//SIWI: Industry´s role in Ecosystem and Watershed management

SIWI: Industry´s role in Ecosystem and Watershed management

  • 29.08.2018
  • Stockholm World Water Week 2018

    Tuesday, 29th August 2018

    Industry´s role in Ecosystem and Watershed management. Stories from the Field: addressing water, ecosystems and human development challenges.

    Organizers: Stockholm International Water Institute, ICMM, WWF.


    • Carlos Toro, Colombia National Cleaner Production Center, Colombia
    • Scott Miller, Newmont, United States
    • Ruth Thomas, Global Agribusiness Alliance, United Kingdon
    • Li Gang, Sinopec Beijing Yanshan Petrochemical Company, China
    • Arnaud Penverne, Veolia, China
    • Sekhar Rayaprolu, Western Coalfields Limited, India
    • Dr. Paola Vasquez, Autonoma de Occidente University, Colombia

    Sustainability challenges require collaboration, partnerships and innovation to deliver solutions that are beneficial to people, business and the landscapes they operate in. One of the stories from the field discussed during the session was El Agua Nos Une, a public private partnership that seeks to accelerate the implementation of corporate water stewardship (CWS) in Latin America. The initiative is promoted by the Swiss Cooperation (SDC) in partnership with companies, institutions, industry associations, NGOs and consultancy firms, and it aims at: 1) Assessing and reducing water risks and impacts of production sites and value chains; 2) Implementing collective actions for watershed management; 3) Knowledge development and sharing. Methodologies and case studies, for example, good practices and technologies published in the Water Action Hub (UN Global Compact)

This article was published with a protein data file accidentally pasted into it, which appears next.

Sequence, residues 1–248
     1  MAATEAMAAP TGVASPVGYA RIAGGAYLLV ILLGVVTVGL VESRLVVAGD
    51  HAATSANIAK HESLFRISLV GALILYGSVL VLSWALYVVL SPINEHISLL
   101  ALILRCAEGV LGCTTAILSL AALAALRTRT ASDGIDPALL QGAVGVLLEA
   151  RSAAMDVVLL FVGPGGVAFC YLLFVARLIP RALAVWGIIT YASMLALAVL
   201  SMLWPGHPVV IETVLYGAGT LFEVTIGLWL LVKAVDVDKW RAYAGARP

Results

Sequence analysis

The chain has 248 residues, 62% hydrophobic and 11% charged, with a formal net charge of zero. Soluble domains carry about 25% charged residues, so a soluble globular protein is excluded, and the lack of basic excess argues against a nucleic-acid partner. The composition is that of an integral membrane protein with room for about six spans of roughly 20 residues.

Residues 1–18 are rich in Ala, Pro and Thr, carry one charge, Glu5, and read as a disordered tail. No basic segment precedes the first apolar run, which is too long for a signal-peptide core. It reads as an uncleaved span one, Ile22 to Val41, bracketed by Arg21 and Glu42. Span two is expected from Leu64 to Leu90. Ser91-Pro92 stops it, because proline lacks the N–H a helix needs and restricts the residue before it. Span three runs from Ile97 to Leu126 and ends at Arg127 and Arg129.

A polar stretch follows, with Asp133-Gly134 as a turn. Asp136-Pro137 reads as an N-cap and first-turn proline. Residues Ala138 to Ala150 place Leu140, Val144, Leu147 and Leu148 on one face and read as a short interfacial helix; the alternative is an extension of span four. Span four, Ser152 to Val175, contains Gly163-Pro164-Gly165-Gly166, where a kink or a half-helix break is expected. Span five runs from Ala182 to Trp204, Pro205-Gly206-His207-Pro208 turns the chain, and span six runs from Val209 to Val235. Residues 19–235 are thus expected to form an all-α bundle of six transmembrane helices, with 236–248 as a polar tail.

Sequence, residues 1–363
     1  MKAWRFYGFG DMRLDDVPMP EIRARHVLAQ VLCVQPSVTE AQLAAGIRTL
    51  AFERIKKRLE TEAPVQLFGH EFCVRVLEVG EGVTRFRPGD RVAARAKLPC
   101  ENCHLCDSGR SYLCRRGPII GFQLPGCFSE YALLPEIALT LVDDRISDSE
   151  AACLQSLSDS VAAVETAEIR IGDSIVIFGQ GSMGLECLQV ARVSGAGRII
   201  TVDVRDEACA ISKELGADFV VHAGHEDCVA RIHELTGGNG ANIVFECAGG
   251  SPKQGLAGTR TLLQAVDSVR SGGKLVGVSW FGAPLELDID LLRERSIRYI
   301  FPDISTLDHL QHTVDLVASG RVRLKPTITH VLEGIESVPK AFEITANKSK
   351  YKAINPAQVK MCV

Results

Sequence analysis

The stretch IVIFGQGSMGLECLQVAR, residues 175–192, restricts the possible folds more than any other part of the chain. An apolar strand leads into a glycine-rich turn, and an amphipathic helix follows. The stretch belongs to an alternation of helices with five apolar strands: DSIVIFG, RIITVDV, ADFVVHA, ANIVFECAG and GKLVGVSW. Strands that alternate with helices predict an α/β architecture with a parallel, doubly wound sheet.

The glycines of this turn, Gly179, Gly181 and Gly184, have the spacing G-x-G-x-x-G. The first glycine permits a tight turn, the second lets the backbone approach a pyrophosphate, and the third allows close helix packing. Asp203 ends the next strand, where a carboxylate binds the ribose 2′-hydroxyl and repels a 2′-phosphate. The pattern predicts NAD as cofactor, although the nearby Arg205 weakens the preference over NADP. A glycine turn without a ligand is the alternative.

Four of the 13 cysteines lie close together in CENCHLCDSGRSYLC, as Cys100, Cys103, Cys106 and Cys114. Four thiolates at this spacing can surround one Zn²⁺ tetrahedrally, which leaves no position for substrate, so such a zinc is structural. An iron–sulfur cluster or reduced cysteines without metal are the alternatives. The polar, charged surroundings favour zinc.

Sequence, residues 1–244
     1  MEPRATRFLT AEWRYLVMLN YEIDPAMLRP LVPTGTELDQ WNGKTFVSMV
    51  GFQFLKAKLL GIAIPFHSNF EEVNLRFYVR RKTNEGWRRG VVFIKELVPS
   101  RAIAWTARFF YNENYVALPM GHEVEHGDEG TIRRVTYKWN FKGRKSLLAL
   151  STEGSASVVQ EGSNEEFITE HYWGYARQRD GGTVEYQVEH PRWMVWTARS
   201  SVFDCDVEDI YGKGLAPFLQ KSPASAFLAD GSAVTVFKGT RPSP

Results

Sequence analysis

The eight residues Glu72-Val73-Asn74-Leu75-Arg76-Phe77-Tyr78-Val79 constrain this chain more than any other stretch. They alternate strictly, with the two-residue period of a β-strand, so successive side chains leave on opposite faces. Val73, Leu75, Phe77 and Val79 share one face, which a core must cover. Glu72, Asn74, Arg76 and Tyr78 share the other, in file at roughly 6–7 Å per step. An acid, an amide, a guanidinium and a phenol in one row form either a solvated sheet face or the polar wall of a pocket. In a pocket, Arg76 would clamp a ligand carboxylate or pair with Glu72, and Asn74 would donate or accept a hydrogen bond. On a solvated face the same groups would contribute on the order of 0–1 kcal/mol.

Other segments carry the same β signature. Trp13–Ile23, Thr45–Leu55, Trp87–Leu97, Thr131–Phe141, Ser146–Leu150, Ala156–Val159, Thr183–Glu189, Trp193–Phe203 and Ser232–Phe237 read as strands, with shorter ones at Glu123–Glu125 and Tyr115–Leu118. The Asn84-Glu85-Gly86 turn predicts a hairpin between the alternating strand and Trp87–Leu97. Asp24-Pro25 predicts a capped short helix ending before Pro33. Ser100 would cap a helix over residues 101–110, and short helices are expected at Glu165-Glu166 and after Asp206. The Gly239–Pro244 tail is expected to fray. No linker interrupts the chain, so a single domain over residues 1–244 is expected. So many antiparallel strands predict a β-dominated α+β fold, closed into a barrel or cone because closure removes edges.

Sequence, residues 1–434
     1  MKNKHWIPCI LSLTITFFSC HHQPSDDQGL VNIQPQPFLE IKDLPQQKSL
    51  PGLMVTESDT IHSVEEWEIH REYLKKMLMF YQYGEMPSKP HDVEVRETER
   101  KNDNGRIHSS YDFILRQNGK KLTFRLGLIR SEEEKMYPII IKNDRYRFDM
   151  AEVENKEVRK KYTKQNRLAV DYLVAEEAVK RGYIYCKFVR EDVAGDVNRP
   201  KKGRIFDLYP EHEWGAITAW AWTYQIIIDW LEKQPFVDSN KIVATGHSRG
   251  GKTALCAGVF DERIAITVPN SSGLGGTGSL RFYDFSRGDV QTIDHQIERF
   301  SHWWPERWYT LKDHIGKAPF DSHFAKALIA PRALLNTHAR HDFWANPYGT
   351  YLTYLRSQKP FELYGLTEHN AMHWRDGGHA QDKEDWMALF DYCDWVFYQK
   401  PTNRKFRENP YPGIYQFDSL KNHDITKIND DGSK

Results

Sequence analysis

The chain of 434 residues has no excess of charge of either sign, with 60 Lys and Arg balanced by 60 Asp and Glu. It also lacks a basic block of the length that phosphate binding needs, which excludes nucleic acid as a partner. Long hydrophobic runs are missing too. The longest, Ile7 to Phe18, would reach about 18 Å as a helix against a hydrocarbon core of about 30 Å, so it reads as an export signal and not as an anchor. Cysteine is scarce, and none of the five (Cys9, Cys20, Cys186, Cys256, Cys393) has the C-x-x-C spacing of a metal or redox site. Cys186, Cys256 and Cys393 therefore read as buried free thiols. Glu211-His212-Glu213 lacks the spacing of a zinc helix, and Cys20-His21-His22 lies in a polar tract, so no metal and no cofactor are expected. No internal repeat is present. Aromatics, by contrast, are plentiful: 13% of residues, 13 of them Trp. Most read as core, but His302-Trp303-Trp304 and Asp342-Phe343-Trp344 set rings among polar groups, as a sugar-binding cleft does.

From the 45 business cases in Colombia, Peru, Chile, Mexico and Brazil that are being developed, the case from the partner COLCAFE, Coffee production, was selected because of the direct engagement with the value chain, being 612 small coffee farms. The impacts assessment showed the removal of coffee pulp as a hot spot of water withdrawal and water pollution. The traditional small-scale systems didn’t provide water treatment. As a solution, a collective system was built by Colcafe and the Andes farmers’ association: to process 1.800 Ton coffee (DPC)/year. Water consumption was reduced from an average of 30 lt /Kg DPC to 6,3 lt /kg DPC. A water treatment system was also put in place. This collective action increases farmer’s income and reduce time of payment from harvesting to selling.

    Contacts: Carlos Toro. carlos.toro@cnpml.org ; Diana Rojas diana.rojas@eda.admin.ch

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